It is interesting to note that the Commission in its Report at p. 612 adopted the Examiner's statement of the facts, and rulings on evidence, such as, his allowance of certain exhibits which proved the interstate character of the other 108 shipments commingled with the challenged 22 shipments from the same consignors destined for Pennsylvania points. Division 1 also agreed with the Examiner's finding that the tacking by Jones of its two interstate authorities was lawful and proper. (p. 613)

 In the two cases involving National Freight, Inc. and Victory Transportation, Inc., combined with Jones, the Commission noted that Victory obtains 75 percent of its revenue in handling freight originating in the Philadelphia area to other points in Pennsylvania without any authority from the P.U.C. (p. 614), while Jones stated at the hearing on this matter that less than five percent of its business concerns such challenged transportation (N.T. 13-14).

 While it is stipulated that all of these shipments were routed through New Jersey, and were therefore on their face interstate *fn5" shipments, the P.U.C. and the I.C.C. take the position that they were clearly intrastate because they could have been moved over direct routes, thereby never leaving Pennsylvania. Service Storage & Transfer Co. v. Virginia, 359 U.S. 171, 175, 79 S. Ct. 714, 3 L. Ed. 2d 717 (1959).

 The only testimony offered to prove bad faith or subterfuge were the statements by officers of the intervenors, Modern Transfer Co. and Highway Express Lines, as to the use of Pennsylvania routes by their companies because they were more logical and practical for their operation. Also, there was testimony by a Mr. Duffy who had a conversation with one of Jones' drivers who stated that he had been making the trip for approximately five years, five nights per week over the routes covered by the stipulation mentioned above. An investigator for the P.U.C. gave testimony which the Examiner regarded as merely cumulative to Mr. Duffy's testimony and unrelated to any date mentioned in the Complaint.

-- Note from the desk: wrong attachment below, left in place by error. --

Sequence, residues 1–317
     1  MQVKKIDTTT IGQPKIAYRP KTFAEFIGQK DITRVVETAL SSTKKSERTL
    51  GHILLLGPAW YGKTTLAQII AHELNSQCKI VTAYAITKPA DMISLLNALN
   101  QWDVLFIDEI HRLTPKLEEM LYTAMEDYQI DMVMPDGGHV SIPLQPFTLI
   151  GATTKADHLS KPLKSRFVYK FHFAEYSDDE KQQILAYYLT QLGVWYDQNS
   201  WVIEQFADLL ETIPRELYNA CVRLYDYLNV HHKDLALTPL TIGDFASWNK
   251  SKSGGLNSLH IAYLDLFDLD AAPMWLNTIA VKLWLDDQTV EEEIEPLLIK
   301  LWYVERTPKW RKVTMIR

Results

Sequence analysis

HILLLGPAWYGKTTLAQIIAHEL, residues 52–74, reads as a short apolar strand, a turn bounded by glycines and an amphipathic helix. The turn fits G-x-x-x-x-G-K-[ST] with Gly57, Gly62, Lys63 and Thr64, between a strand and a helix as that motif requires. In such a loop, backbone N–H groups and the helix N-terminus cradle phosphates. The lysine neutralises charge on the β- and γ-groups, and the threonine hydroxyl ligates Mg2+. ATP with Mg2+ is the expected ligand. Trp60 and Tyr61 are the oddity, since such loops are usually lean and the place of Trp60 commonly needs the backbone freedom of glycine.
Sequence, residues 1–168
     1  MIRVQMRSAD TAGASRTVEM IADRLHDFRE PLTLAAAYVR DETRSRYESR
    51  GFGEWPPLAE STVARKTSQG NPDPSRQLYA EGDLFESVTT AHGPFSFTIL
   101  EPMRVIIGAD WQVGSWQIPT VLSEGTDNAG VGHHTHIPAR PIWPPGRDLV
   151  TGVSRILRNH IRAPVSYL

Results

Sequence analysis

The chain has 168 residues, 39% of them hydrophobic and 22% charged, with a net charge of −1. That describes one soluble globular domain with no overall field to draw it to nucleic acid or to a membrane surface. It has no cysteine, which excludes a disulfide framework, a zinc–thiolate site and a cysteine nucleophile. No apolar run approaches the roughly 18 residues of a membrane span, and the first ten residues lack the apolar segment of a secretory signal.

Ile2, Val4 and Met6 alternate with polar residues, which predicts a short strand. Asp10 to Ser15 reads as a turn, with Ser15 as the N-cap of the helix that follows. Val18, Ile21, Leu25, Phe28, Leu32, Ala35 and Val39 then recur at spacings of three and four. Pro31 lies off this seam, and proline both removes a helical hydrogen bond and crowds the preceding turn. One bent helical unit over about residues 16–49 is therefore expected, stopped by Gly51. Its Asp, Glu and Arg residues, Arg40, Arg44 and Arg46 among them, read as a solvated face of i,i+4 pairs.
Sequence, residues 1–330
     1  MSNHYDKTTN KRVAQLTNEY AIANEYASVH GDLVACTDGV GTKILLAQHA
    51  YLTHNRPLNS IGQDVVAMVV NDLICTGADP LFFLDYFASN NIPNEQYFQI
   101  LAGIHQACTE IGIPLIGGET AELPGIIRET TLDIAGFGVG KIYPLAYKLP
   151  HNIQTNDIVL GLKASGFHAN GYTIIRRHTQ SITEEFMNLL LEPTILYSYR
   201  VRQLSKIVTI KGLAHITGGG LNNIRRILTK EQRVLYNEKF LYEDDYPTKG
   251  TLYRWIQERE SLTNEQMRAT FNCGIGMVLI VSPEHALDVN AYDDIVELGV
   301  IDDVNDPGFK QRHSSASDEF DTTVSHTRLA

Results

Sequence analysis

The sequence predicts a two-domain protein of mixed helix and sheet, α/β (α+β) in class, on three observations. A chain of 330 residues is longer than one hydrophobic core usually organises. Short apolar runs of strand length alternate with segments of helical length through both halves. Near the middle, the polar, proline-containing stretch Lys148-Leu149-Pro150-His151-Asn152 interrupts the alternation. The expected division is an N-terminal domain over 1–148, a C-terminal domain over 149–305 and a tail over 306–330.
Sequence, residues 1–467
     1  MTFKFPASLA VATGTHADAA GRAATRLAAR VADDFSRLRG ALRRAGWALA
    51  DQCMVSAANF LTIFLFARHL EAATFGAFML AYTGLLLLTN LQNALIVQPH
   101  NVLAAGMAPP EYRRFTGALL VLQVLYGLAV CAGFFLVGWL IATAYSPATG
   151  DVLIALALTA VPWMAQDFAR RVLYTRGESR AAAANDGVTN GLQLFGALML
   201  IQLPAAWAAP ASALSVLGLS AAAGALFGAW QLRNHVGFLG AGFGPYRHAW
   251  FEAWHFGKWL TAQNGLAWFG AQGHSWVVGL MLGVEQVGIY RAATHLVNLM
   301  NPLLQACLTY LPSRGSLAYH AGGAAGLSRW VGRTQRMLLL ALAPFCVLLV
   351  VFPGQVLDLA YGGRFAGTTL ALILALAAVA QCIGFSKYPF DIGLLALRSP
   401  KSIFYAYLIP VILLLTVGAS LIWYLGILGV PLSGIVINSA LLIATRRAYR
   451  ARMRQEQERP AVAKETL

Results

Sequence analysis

Apart from this testimony offered by the P.U.C. to support its position that Jones' routes were circuitous, and somewhat long, no direct evidence of bad faith on the part of Jones was offered by the P.U.C. Service Storage & Transfer Co. v. Virginia, supra, 359 U.S. p. 175, 79 S. Ct. p. 717. *fn6"

 Conversely, Jones was specifically authorized to combine its Certificates in proceedings at MC-F-4955 by these words:

 'Upon consummation of the purchase, Jones Motor Co., Inc., will be entitled to operate under the operating rights granted in No. MC-108161, which rights are herein authorized to be unified with rights otherwise confirmed in it and to be embraced in a certificate in its name, with duplications eliminated * * *.' *fn7"